• Treat, commonly with with toe sleeves or toe pads
  • Medications
  • Corticosteroid Injection
    • Approach with caution as it may weaken the soft tissues, progress instability
    • May also be diagnostic and therapeutic


  • Indications
    • Failure of conservative therapy
  • Technique
    • Synovectomy
    • Radiofrequency shrinkage (Grade 0, 1)
    • Primary repair (Grade 2, 3)
    • Weil osteotomy combined with a flexor-to-extensor tendon transfer (Grade 4)

Rehab and Return to Play


  • Postoperative
    • Requires 4-6 months to mature complete
    • Maintain toe in 20° plantaflexion for 6 weeks
  • Rehabilitation
    • Starts week 1: reduce scarring, strengthen flexor tendon, maintain mobility
    • Avoid passive/ active dorsiflexion for 6 weeks
    • Tape toes in light plantarflex for 3 months
    • For 6 months post op, use low heeled shoes with wide toe box or rocker bottom sole shoe

Return to Play/ Work

  • General
    • High impact sports are avoided for the first year
    • RTP occurs gradually, carefully to protect the surgical repair and prevent reinjury.

Complications and Prognosis


  • Unknown


See Also


  1. Coughlin MJ, Schenck Jr RC, Shurnas PS, Bloome DM. Concurrent interdigital neuroma and MTP joint instability: long term results of treatment. Foot Ankle Int 2002;23(11):1018—25.
  2. 2.0 2.1 2.2 Fleischer AE, Klein EE, Ahmad M, Shah S, Catena F, WeilL SSr, et al. Association of abnormal metatarsal parabola with second metatarsophalangeal joint plantar plate pathology. Foot Ankle Int 2017;38(3):289—97.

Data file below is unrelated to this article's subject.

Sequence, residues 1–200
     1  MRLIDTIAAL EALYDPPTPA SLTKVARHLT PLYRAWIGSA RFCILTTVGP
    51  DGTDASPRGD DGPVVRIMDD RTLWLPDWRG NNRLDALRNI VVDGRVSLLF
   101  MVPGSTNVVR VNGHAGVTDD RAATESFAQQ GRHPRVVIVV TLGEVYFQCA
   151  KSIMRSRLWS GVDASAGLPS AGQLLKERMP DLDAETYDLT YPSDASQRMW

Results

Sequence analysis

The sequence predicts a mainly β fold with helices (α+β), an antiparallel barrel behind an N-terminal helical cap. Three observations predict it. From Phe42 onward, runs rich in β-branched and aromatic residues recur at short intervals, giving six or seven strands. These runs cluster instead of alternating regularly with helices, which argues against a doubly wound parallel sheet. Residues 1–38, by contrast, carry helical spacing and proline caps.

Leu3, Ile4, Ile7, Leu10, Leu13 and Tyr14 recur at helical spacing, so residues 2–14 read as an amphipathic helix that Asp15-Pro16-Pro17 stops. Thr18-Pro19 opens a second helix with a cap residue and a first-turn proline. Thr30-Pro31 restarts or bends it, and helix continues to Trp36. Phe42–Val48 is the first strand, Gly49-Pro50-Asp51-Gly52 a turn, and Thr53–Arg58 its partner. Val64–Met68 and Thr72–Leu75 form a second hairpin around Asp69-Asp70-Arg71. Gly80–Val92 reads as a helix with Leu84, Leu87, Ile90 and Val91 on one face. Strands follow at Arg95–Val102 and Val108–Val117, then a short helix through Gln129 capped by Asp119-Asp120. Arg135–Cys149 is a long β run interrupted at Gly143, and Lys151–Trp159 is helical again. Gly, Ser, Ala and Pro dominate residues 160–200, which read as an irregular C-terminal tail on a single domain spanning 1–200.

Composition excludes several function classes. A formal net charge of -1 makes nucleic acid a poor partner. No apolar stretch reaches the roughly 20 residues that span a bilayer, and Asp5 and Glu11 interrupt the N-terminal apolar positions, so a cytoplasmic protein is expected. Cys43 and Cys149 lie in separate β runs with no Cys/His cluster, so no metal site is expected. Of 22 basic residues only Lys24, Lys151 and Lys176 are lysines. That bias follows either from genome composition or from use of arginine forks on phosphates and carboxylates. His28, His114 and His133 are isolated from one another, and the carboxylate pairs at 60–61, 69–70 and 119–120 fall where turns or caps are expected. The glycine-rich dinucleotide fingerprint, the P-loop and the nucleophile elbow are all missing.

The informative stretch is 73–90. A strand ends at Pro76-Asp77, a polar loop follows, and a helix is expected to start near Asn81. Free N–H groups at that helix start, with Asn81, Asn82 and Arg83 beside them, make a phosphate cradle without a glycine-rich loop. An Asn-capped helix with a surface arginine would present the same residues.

3. Smith BW, Coughlin MJ. Disorders of the lesser toes. Sports Med Arthrosc Rev 2009;17(3):167–174
  4. Nery C, Coughlin MJ, Baumfeld D, Raduan FC, Mann TS, Catena F. Classification of metatarsophalangeal joint plantar plate injuries: history and physical examination variables. J Surg Orthop Adv 2014;23(4):214–223
  5. Sung W, Weil L Jr, Weil L SSr, Rolfes RJ. Diagnosis of plantar plate injury by magnetic resonance imaging with reference to intraoperative findings. J Foot Ankle Surg2012;51(5):570—4.
  6. Umans R, Umans B, Umans H, Elsinger E. Predictive MRI correlates of lesser metatarsophalangeal joint (MPJ) plantar plate (PP) tear. Skeletal Radiology 2016 DOI 10.1007/s00256-016-2375-x
  7. Klein EE, Weil L Jr, Weil L S Sr, Knight J. Magnetic resonance imaging versus musculoskeletal ultrasound for identification and localization of plantar plate tears. Foot Ankle Spec 2012;5(6):359—65.
  8. Jastifer, James R., Jesse Doty, and Leif Claassen. "Current concepts in the treatment of metatarsophalangeal joint instability of the lesser toes: review, surgical technique, and early outcomes." Fuß & Sprunggelenk 15.4 (2017): 225-236.
Created by:
John Kiel on 31 January 2022 05:08:02
Last edited:
4 October 2022 12:40:37